A new service that measures radio signals beamed between your cell phone and cell-phone towers could soon help speed up your commute.

IntelliOne Technologies, a company that specializes in using mobile phone network usage to measure roadway speeds, has launched a real-world test of its technology along the streets, freeways and highways of Tampa, Fla.

Called Need4Speed, the test will run from Aug. 7 to 18.

The company's technology takes advantage of the fact that wireless devices in motion communicate constantly with multiple cell towers.

Wireless carriers use this data to maintain and optimize their networks, but this information can also be converted into speed and travel time information for any roadway that has cell-phone coverage.

The new service isn't the only example of a creative use for cell phone towers. In another recent study, scientists used dips in cell phone signals during storms to measure rainfall.

Updated every second

IntelliOne says its results are accurate to within 3 mph and updated every second, allowing more accurate readings than current collection methods, which include in-road detectors, cameras and helicopters.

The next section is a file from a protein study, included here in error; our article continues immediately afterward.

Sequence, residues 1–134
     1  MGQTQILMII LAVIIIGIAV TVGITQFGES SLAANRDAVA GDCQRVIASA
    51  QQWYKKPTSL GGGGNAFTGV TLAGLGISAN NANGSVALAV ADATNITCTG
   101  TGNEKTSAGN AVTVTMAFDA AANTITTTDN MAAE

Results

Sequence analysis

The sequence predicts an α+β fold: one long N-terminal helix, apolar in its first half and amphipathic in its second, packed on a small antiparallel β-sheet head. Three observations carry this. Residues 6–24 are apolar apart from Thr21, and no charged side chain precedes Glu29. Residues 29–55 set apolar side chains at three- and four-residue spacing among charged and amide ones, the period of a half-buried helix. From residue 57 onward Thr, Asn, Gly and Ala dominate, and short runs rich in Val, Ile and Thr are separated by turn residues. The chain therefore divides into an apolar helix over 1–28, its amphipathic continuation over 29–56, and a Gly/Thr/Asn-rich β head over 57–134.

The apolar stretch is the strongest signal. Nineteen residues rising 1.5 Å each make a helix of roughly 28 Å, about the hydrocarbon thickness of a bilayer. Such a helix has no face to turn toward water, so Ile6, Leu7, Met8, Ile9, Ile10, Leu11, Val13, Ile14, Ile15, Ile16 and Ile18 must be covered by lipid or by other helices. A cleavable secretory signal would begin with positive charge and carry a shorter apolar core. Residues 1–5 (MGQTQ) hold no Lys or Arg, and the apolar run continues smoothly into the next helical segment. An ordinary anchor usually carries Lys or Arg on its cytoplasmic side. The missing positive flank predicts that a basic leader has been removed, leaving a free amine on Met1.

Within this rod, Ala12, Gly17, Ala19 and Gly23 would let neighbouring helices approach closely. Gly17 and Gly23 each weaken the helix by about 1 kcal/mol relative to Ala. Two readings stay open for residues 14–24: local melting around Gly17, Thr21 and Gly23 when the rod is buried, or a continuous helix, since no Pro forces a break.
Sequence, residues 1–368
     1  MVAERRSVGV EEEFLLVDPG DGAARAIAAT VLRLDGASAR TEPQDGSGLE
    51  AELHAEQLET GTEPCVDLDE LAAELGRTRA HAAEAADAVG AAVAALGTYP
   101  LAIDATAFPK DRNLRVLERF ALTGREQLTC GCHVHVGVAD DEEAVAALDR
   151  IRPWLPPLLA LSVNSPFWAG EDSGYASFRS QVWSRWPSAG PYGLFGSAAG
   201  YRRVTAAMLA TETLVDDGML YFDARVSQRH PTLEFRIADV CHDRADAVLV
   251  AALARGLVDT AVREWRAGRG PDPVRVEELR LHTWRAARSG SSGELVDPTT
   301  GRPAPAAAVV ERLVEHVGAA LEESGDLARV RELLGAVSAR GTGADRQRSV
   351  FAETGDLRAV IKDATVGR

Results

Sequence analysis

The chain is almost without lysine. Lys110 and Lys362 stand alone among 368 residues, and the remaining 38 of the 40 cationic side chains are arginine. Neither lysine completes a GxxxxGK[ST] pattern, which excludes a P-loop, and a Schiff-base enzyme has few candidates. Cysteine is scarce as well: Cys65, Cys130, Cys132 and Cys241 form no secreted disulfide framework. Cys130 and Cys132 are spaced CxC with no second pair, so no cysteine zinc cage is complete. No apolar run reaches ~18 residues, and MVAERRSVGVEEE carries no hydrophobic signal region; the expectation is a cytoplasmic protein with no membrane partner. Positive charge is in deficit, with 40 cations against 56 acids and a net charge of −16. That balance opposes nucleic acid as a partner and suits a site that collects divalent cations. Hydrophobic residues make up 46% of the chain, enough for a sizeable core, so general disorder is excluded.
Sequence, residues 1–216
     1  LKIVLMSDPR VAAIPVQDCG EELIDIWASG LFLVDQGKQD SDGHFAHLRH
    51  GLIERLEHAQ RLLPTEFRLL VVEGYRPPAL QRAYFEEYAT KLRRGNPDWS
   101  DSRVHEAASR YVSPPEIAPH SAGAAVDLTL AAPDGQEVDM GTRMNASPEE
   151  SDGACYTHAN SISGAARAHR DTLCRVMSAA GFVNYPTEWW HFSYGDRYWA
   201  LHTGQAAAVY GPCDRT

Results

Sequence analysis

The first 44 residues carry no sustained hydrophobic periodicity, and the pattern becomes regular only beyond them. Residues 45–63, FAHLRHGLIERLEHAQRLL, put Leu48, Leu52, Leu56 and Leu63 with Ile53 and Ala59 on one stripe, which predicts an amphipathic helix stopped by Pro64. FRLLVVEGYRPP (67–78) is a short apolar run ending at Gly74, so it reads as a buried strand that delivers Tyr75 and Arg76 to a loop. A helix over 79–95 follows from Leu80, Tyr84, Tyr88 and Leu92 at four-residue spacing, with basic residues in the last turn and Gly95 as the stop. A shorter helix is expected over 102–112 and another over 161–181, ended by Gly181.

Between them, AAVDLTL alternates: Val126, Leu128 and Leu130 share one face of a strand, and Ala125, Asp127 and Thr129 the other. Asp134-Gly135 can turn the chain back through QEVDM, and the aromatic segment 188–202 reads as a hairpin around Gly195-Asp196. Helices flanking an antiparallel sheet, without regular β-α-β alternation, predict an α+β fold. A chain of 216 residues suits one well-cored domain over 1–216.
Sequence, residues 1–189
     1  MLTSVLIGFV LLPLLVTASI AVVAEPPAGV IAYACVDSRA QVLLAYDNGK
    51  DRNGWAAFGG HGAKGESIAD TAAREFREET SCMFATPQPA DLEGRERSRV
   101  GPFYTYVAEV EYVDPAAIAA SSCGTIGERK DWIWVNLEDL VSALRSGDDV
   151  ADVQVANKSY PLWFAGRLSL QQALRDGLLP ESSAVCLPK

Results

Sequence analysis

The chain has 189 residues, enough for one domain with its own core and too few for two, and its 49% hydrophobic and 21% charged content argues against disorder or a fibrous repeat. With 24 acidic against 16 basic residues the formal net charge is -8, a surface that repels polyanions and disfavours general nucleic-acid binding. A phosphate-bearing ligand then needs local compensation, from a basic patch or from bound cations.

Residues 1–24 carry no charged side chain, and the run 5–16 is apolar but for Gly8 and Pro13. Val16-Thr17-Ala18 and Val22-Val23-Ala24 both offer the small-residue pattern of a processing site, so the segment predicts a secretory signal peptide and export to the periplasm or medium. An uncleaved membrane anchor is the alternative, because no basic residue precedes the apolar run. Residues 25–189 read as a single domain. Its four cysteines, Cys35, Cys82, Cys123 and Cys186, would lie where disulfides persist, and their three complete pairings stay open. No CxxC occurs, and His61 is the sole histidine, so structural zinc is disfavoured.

"Most traffic reports today can be as much as 20 minutes old," said IntelliOne CEO Ronald Herman. "With live speed and travel times, you always have the best information and the best chance of getting to your destination on time and with the least amount of traffic stress."

The traffic-monitoring technology will be licensed to third-party vendors who will then make it available to the public, said IntelliOne spokesman John Brimelow.

"This would feed into a plethora of devices, from heads-up displays in cars, to cell phones and Web sites and media reports on traffic," Brimelow told LiveScience.

Privacy concerns

To address privacy concerns, the Atlanta-based company says the personal identification data of users will be stripped from cell phone signals before they are processed by IntelliOne's software.

However, users will have the choice of "opting-in," meaning their personal identification will be recorded by the system. This will allow the technology to function like tracking services that rely on global positioning satellites.

"If someone opts in, then they're saying 'I want you to know where I am and who I am,'" Brimelow said.

The company says its service could become available to the public in as soon as three months.

It's estimated that there are more than 190 million cell-phone users in the United States.

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